Online plan for doctors widens scope Legislators move to add information, delay implementation

'A ring of fairness'

Point of contention is pending lawsuits in malpractice cases

March 15, 1997|By Marcia Myers | Marcia Myers,SUN STAFF

An online service that would give consumers instant access to records on Maryland physicians is shaping up to provide far more information than originally envisioned, but the public may have to wait nearly two years to tap into it by computer.

In recent weeks, the momentum behind the idea has shifted from the state physicians board to Annapolis, where legislators are rewriting the proposal in elaborate fashion.

Senate President Thomas V. Mike Miller, who rarely sponsors bills, has proposed the "consumer health information act" to streamline public access to many state health records.

A similar bill by Del. Henry B. Heller, a Montgomery County Democrat, is moving through the House. Although each contains controversial elements, the bills have won general favor from a wide range of supporters -- consumer groups, senior citizens, union members, state health officials and physicians.

The bills go well beyond the original plan, conceived by the state Board of Physician Quality Assurance, to create online physician profiles that would include malpractice, disciplinary, education and licensing information.

Both bills call for lengthy studies to gauge the potential impact on physicians of putting the information online. They would prohibit releasing the records in that form for nearly two years. In the meantime, consumers could get them on paper.

Testifying yesterday before members of the Senate Finance Committee, all of whom have signed on as co-sponsors of the bill, Miller said that in an age of managed care, it is critical to improve consumer access to health records.

"We consumers want to be able to make informed choices," said Miller, a Prince George's County Democrat.

His plan would speed the process by funneling information on doctors from a string of mostly obscure agencies to a single office, where he says consumers could "one-stop shop" instead of scrambling to find the records piecemeal.

His bill would also expand the scope of the office to include report cards and other information about health maintenance organizations.

Like Heller, Miller seeks to substantially broaden the doctor profiles. Both bills would crack open physician disciplinary actions taken by hospitals and health maintenance organizations -- records now closed to the public -- and include criminal histories of physicians.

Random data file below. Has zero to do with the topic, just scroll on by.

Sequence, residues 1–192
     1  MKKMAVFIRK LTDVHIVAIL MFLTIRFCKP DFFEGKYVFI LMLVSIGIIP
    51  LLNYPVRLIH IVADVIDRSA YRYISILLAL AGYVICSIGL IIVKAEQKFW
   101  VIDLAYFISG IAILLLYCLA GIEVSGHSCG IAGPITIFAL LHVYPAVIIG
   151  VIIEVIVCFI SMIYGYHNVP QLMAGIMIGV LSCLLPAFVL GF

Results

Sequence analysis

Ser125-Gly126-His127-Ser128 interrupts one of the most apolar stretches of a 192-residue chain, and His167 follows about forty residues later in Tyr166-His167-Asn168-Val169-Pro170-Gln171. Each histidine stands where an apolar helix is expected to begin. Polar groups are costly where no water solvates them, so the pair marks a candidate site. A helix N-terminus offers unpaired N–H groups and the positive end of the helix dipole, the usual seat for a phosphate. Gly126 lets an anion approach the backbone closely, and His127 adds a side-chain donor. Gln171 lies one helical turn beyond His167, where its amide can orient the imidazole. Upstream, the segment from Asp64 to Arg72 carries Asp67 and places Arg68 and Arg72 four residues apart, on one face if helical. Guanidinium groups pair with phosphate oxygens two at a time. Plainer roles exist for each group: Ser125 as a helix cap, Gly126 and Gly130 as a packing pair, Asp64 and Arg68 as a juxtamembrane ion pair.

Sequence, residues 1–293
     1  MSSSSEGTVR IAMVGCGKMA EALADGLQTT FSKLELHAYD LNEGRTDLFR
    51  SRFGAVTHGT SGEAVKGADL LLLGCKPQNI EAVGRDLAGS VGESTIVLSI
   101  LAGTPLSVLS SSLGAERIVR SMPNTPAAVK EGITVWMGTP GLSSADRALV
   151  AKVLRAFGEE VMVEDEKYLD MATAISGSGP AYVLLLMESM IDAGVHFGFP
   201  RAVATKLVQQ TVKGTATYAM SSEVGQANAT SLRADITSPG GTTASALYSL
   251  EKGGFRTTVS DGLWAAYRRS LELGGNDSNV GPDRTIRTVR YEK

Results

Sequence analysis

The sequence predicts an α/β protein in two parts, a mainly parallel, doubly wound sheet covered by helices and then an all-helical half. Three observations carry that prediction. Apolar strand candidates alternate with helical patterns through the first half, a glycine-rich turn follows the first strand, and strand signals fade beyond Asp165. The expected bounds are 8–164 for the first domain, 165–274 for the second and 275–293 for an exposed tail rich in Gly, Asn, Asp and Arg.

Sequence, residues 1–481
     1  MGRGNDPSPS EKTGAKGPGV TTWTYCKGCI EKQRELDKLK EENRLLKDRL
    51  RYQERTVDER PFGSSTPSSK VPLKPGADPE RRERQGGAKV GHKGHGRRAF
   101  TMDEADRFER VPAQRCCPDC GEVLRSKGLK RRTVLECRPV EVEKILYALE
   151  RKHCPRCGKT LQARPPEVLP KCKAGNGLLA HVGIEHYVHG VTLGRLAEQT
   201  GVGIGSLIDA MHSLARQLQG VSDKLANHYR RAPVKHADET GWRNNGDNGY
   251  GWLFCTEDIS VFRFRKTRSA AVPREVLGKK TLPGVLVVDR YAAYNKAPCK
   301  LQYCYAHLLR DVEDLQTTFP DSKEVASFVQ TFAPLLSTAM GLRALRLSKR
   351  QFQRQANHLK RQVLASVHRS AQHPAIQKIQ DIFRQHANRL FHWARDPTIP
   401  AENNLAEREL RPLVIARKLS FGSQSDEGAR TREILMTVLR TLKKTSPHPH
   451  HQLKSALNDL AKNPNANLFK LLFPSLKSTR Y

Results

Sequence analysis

Doctors would be given space to write about themselves and respond to charges or allegations.

The most controversial feature -- lists of pending malpractice suits -- remains a point of contention.

Numerous doctors groups testified yesterday against that aspect in Miller's bill, but said they would support an amended version that addressed those concerns and a few others. Afterward, Miller said he expects the bill will be changed.

"I would prefer something different, but it has a ring of fairness," he said of the proposal to exclude unresolved malpractice suits.

Although pending malpractice suits are public record and available from the physician board on request, doctors argue that they are groundless 80 percent of the time and would confuse and mislead consumers. The state's largest physician association, the Medical and Chirurgical Faculty of Maryland, is waging a vigorous campaign to block online access to them.

Backing off plan

And the physicians board, led by strong objections from state Health Secretary Martin P. Wasserman, has backed off its plan to list them online, although the public still could request them in writing. It can take up to 30 days to receive the information through that process.

Malpractice claims without a conclusion would be almost useless to consumers and could do real damage to a doctor's professional reputation, Wasserman testified yesterday.

"There comes a point where we're trying to protect the consumer from himself," he said in an interview later. "Until a case is resolved, it is just a rumor. I think rumors are baseless."

Heller's bill would go further -- preventing the board from releasing the information in any form.

Miller said, "That a claim has been filed does not mean guilt, but if you see a pattern, then it will kindle a spark in your mind to maybe look into this yourself. I think it's important that we have it. If an error is going to be made, then it's better to protect people from breaches in good standards of care."

Daniel J. Pontious, executive director of the Maryland Public Interest Research Group, agreed.

"Consumers are smart enough to be able to interpret the information if it's put in the proper context," he said.

Miller's bill specifically prohibits putting the information online before January 1999, but he envisions accelerating that timetable. "I would like to see it move ahead as soon as possible."

Cost of service

The service would cost $837,000 to $1 million, mostly one-time costs, according to the physicians board. Miller has suggested paying for it by raising the cost of the $520 physician license, which must be renewed every two years. Doctors object to that idea, saying it would cost an extra $40 to $100 each time they renew.

Wasserman also wants the information disseminated from within his agency, rather than through the attorney general's health advocacy unit, as proposed by Miller.

No decision has been made about whether to go forward with a limited online service this year if neither bill passes, Wasserman said. The physicians board had expected to put the information online this spring.

Pub Date: 3/15/97

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